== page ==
Hence, democracies are hard to put in place. Fukuyama (1992) wrote that democracy is the final state of countries. It is not true, since it is as difficult to maintain a democracy to build a new one. When one of these three instances declines, democracy can be flawed, but in a silent and difficult to be perceived way. Political institutions change slowly and by little changes; one change may not damage democracy, but multiple changes can weaken democracy in the long-run. Political pluralism may be altered as well with society transformation and technical advances. These modifications are indeed hard to perceive.
Eisenhower (1961), in its president farewell address said:
“[…] we must guard against the acquisition of unwarranted influence […] by the military-industrial complex. The potential for the disastrous rise of misplaced power exists and will persist. We must never let the weight of this combination endanger our liberties or democratic processes. We should take nothing for granted. Only an alert and knowledgeable citizenry can compel the proper meshing of the huge […] machinery of defense with our peaceful methods and goals, so that security and liberty may prosper together.”
Is democracy fragile?
To sum up, As Eisenhower (1961) stated, a permanent citizenry is needed to maintain democracy, which cost energy and time for citizens. It needs education, as well as a political participation culture. Moreover, the financial cost of elections and democratic institutions is high. As I just tried to demonstrate, democracy is fragile since it may slowly convert in a non-democratic system, or more plausibly a mixed-regime state (Zakaria, 2003). Until now, I have focused my analysis on the three criteria democracy needs to achieve to be completed: They are the roots of the difficulty and cost to put in place and maintain democracy, hence they constitute the main weaknesses that a democracy may encounter.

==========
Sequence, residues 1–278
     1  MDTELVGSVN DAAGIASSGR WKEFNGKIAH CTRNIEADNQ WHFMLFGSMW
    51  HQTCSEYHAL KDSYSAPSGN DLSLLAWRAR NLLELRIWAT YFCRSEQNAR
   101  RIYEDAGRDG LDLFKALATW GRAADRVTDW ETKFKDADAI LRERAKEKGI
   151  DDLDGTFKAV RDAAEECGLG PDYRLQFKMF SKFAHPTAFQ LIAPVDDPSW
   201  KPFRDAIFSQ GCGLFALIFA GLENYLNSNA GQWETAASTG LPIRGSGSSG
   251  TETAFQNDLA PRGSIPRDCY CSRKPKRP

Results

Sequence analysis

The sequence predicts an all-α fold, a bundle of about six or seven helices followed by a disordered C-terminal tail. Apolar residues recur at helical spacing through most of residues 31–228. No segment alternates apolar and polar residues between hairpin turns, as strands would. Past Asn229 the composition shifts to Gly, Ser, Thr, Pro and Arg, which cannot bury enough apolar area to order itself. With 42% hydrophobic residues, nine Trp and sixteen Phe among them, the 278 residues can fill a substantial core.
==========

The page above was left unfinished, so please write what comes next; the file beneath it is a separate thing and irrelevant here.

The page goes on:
However, it is not only one, the most common arguments raised are: the short-sightedness of elections (Cheema, 2010), the lack of education of the people (Plato, n.d.), the fact that representative democracy is a counterfeit democracy since it creates an oligarchy, a professional political elite (Castoriadis, 1991). These critics are indeed impertinent: which regime is not short-sighted? It is rather a psychological component of human mind than something related to democracy. The lack of education is indeed a problem; however it applies more to direct democracy than representative since politicians and civil servants are more graduated and educated in democracy than in non-democratic regime. Then, representative democracy may be a counterfeit of direct democracy; nevertheless, direct democracy is not possible nowadays anyway thus this argument makes no sense.
Nevertheless, the main critic of democracy comes from Tocqueville (1886) which describes the roots of democracy being in fact contradictory to democracy itself. It distinguished three major risks, coming from the fact that people may give up their liberty. The first one is the tyranny of the majority which can be oppressive against minorities. The second one is that democracy may reduce political pluralism since everyone is becoming equal. The third is that democracy infantilizes its citizens, who in the long-run wait everything from the state without participating politically and giving up their liberty in order to have more from the State; he called this phenomena equality without liberty. At term, when one these three cases become reality, it conducts to the end of democracy to enter in despotism. If we are coming nearer from this point, however, it never happened and we are still far away from it.
Democracy remains the more stable political system, which permit the Elites to alternate without a great cost unlike authoritarian regimes, keep away political extremes from power and make social movement less violent. Moreover, Kant (1795) and Doyle (1983) described the phenomena of democratic peace, which mean that democracies don’t go to war with each over, which increases stability further.
To sum up, real democracies are more a myth impossible to reach than a day-to-day experience, since there is always people more and less influent than others in the different law and policies creating process, even if in theory, they are equal citizens. Indeed, despite these critics, the classical famous Churchill (n.d.) quote remains true: “It has been said that democracy is the worst form of government except all the others that have been tried”.